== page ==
crosse


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crosse

 (krôs, krŏs)
n.
The stick used in lacrosse, consisting of a shaft having at one end a looped head to which webbing is attached.

[French, from Old French, staff; see crosier.]

crosse

(krɒs)
n
(Lacrosse) a light staff with a triangular frame to which a network is attached, used in playing lacrosse
[French, from Old French croce crosier]

crosse

(krɔs, krɒs)

n.
a long-handled racket used in the game of lacrosse.
[1865–70; < French: literally, hooked stick, Old French croce < Germanic]
ThesaurusAntonymsRelated WordsSynonymsLegend:
Noun1.crosse - a long racket with a triangular framecrosse - a long racket with a triangular frame; used in playing lacrosse
racquet, racket - a sports implement (usually consisting of a handle and an oval frame with a tightly interlaced network of strings) used to strike a ball (or shuttlecock) in various games
References in classic literature ?
They begane first at the abay gates, and when the first pagiante was played, it was wheeled to the highe crosse befor the mayor, and soe to every streete.
During the two last days we met with signs of horses, an with several small articles which had belonged to the Indian -- such as parts of a mantle and a bunch of ostrich feathers -- but they appeared to have been lying long on the ground Between the place where the Indians had so lately crosse the river and this neighbourhood, though so many mile apart, the country appears to be quite unfrequented.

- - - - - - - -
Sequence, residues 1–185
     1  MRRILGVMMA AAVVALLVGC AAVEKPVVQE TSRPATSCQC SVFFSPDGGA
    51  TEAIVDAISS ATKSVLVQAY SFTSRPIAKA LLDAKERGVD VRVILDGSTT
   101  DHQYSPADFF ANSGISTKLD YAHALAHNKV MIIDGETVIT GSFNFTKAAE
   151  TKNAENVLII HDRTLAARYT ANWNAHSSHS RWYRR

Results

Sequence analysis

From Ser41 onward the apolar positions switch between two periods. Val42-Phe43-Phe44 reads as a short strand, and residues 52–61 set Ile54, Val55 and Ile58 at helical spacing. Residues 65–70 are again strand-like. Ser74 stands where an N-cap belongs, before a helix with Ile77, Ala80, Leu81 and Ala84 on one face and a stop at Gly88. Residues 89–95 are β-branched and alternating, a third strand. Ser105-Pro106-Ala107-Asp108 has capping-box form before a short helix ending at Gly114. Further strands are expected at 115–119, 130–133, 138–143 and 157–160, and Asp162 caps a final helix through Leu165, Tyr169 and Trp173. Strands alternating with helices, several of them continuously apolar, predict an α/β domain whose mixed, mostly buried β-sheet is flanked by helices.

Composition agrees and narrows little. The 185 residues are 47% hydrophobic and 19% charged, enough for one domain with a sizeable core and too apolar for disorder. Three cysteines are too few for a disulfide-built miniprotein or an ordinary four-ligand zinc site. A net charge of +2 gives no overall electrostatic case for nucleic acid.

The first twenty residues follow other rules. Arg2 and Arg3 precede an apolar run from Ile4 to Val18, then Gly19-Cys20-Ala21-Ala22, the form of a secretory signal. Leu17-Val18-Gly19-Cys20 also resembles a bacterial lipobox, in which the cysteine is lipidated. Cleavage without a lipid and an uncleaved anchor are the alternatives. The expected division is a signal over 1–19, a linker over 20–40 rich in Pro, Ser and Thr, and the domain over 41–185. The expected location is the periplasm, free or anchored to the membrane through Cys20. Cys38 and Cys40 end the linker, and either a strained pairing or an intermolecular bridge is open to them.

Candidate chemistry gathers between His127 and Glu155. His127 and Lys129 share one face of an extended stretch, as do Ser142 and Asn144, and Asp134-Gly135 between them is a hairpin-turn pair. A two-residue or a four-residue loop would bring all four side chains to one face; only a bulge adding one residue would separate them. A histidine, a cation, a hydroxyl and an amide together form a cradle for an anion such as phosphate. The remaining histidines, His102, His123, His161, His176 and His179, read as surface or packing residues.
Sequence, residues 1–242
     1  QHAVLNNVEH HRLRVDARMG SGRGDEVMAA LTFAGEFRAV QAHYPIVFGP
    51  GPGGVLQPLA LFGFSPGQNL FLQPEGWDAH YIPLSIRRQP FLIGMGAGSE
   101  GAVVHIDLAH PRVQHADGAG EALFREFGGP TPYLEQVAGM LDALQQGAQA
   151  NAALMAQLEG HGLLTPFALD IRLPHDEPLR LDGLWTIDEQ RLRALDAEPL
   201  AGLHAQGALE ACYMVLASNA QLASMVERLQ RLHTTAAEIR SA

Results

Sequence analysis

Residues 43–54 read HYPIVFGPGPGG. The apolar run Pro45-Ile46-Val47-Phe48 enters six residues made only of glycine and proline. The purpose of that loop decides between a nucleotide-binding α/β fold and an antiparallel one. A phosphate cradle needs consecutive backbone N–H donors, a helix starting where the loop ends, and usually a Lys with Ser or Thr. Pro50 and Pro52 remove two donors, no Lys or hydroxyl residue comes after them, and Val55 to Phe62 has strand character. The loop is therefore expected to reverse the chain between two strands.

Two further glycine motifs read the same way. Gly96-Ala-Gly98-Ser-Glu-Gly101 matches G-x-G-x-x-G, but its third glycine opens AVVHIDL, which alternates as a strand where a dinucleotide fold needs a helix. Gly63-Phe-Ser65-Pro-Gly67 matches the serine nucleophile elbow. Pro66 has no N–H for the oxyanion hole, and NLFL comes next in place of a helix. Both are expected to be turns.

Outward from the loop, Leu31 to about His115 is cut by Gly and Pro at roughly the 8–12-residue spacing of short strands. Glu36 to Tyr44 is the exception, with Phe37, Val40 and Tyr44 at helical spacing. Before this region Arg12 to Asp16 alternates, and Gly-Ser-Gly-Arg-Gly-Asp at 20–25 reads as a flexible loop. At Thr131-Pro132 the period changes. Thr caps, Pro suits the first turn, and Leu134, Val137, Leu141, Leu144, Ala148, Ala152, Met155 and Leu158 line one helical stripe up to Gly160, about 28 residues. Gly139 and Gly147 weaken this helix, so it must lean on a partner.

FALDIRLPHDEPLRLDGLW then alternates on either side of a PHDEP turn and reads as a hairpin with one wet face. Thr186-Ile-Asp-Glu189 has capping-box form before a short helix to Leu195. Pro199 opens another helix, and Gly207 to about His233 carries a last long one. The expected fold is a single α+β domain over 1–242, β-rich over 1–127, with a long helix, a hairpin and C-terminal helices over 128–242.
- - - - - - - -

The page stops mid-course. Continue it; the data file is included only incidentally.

Nor is it, altogether, the remembrance of her cathedral-toppling earthquakes; nor the stampedoes of her frantic seas: nor the tearlessness of arid skies that never rain; nor the sight of her wide field of leaning spires, wrenched cope-stones, and crosses all adroop (like canted yards of anchored fleets); and her suburban avenues of house-walls lying over upon each other, as a tossed pack of cards; --it is not these things alone which make tearless Lima, the strangest, saddest city thou can'st see.
Near an old cathedral, under a shed, were three crosses of stone--moldy and damaged things, bearing life-size stone figures.
It was probably one of the rude crosses not uncommon in churchyards in this county.
There was a date at one end of the line and at the other a sum of money, as in common account-books, but instead of explanatory writing, only a varying number of crosses between the two.
But when he saw that a cross had been made on the door of the house where the Soldier lived, he took a piece of chalk also, and made crosses on all the doors in the town; and that was very clever, for now the lady-in-waiting could not find the right house, as there were crosses on all the doors.
They then ordered all the beads, images, crosses, and relics which the Catholics made use of to be thrown into the fire.
The greater part of the passengers from Brindisi were bound for India some for Bombay, others for Calcutta by way of Bombay, the nearest route thither, now that a railway crosses the Indian peninsula.
That was near the bridge that crosses the canal by the gasworks.
When an invading force crosses a river in its onward march, do not advance to meet it in mid-stream.
They had met with many crosses and losses in the course of their spring hunt, not so much from Indians as from white men.